- Cameron – “progress made” in run up to summit
- Tusk – “no guarantee of a deal”
- Merkel – “demands are not just for Britain”
British Prime Minister David Cameron is in Brussels for the most crucial summit of his premiership. He needs a deal on his controversial reforms including welfare curbs or Britain could be voting to leave in a referendum back home.
But European Council President Donald Tusk has warned all 28 leaders in a letter that negotiations so far point to no guarantee of a deal and for everyone to remain constructive today.
Key issues unresolved
- Concerns in eastern Europe that a deal to help Cameron cut immigration by barring low-paid EU workers from British benefits will hurt their citizens.
- French insistence the City of London match euro zone regulation.
- Efforts to ensure British exemptions from closer EU integration do not become more widespread.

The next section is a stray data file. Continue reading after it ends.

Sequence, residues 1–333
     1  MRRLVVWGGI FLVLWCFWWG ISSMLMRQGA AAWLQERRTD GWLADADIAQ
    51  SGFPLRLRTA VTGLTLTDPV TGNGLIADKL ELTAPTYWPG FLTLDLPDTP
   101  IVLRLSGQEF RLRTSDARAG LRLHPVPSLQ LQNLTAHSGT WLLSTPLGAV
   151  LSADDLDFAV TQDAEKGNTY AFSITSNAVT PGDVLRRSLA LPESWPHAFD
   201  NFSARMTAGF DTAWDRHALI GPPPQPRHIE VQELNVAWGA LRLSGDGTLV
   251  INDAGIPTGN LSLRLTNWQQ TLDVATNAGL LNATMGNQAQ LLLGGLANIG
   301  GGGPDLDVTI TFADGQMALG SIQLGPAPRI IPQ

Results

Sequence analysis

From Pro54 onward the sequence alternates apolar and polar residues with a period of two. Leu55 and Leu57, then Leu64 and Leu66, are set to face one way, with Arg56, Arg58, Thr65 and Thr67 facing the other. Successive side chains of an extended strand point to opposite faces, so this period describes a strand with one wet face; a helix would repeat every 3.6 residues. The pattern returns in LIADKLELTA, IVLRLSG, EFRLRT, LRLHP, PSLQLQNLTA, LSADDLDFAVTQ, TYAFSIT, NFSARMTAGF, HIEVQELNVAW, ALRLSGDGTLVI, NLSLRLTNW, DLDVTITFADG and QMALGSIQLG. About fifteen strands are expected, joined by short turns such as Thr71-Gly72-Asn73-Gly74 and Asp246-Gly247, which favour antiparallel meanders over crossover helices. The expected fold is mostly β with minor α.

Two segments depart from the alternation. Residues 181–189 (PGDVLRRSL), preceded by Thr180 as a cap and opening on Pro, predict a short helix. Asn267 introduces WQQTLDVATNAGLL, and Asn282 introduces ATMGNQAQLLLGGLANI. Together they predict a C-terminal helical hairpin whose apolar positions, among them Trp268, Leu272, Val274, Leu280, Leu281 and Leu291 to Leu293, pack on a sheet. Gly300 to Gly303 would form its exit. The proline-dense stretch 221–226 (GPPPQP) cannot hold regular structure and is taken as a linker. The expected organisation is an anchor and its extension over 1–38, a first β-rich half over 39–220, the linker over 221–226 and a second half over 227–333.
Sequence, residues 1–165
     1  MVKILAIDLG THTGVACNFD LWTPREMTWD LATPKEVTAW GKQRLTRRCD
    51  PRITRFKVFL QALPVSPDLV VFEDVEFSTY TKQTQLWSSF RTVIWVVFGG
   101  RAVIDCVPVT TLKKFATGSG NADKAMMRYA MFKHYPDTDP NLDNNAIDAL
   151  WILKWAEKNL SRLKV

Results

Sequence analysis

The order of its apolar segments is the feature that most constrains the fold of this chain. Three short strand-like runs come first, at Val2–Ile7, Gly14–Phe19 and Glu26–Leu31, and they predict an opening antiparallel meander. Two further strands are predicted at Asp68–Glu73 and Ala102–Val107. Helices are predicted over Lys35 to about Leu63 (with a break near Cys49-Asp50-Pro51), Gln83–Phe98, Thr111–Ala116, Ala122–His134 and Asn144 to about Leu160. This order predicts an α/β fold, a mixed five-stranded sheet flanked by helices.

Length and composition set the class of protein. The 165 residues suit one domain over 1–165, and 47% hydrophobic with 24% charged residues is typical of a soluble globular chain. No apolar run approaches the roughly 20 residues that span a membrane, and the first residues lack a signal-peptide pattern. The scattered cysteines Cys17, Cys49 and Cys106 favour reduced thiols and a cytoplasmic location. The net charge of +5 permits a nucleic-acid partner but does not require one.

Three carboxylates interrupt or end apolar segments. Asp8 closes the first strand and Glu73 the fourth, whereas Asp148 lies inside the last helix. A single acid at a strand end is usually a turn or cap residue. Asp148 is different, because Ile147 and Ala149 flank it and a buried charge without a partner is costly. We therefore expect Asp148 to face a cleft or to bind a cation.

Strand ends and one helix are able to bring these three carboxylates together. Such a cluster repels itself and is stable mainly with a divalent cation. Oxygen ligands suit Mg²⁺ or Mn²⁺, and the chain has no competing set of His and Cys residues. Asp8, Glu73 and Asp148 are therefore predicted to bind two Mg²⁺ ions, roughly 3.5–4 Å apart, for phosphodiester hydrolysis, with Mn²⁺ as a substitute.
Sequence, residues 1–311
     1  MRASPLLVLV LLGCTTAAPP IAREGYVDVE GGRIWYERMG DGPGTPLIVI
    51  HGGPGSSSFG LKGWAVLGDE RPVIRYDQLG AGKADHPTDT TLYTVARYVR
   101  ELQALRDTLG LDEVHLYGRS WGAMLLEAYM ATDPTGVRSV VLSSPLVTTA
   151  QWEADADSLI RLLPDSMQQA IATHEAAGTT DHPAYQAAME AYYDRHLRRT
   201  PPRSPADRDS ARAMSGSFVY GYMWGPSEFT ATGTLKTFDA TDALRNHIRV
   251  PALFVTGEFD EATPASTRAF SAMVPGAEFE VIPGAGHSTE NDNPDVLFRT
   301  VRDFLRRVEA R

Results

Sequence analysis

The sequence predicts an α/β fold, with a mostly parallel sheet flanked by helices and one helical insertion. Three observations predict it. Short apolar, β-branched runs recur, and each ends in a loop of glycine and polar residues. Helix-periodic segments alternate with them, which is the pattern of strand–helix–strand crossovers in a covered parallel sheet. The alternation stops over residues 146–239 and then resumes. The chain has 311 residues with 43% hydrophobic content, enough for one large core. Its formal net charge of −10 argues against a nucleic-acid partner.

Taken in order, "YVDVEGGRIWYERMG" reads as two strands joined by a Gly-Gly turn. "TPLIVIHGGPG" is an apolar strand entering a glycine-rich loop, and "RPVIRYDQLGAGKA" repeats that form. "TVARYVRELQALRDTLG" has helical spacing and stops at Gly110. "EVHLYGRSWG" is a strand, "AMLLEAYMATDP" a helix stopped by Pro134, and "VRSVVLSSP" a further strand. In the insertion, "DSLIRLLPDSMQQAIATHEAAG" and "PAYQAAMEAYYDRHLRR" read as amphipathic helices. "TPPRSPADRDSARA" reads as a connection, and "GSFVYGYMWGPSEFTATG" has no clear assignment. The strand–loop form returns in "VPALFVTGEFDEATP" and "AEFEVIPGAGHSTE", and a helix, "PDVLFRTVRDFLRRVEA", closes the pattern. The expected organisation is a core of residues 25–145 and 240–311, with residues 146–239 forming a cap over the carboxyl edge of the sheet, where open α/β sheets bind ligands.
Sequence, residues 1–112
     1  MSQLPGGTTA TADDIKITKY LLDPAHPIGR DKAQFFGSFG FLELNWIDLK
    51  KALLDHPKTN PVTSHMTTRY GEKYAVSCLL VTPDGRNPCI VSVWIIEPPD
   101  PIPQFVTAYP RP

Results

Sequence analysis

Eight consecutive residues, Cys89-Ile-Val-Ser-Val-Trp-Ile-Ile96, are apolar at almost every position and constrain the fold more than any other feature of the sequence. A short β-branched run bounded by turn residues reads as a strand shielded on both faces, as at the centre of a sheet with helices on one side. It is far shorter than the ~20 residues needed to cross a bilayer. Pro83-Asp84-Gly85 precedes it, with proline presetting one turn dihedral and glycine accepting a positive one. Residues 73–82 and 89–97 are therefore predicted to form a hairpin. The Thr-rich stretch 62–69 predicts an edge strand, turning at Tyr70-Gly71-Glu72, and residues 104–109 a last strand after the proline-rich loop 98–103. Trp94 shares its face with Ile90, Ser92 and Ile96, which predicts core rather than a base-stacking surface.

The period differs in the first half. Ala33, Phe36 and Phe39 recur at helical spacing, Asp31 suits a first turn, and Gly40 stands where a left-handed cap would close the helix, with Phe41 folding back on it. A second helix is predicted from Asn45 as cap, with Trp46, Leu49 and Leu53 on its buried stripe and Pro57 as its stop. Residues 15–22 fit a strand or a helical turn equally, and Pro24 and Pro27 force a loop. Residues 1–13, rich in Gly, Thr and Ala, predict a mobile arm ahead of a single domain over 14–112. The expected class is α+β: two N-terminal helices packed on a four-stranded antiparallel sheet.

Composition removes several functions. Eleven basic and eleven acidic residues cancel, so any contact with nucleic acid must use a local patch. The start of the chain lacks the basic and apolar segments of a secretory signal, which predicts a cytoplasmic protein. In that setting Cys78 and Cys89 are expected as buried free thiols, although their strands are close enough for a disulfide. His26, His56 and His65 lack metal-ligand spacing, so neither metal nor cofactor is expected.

- Reluctance in some capitals to commit to future amendments of EU treaties.
One person who has given an indication to German lawmakers that she is sympathetic is Chancellor Angela Merkel.
“Because Cameron’s demands are far from being demands that are just for Britain. In some cases we must say, quite the opposite. Many issues are issues that are justified and necessary.”
But the question of a possible Brexit is not the only issue. There is migration too. Greek Premier Alexis Tsipras wants to discuss an EU ultimatum of three months to fulfil 50 recommendations to fix its borders. If it does not, countries in the passport-free Schengen zone will impose checks on internal frontiers for up to two years.
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